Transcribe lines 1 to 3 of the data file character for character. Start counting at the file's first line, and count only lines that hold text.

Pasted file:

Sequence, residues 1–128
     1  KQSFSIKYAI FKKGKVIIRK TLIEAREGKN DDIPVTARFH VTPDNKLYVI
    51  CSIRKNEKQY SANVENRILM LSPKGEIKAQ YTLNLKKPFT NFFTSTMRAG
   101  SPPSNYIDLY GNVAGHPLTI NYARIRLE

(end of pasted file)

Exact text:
Sequence, residues 1–128
     1  KQSFSIKYAI FKKGKVIIRK TLIEAREGKN DDIPVTARFH VTPDNKLYVI
    51  CSIRKNEKQY SANVENRILM LSPKGEIKAQ YTLNLKKPFT NFFTSTMRAG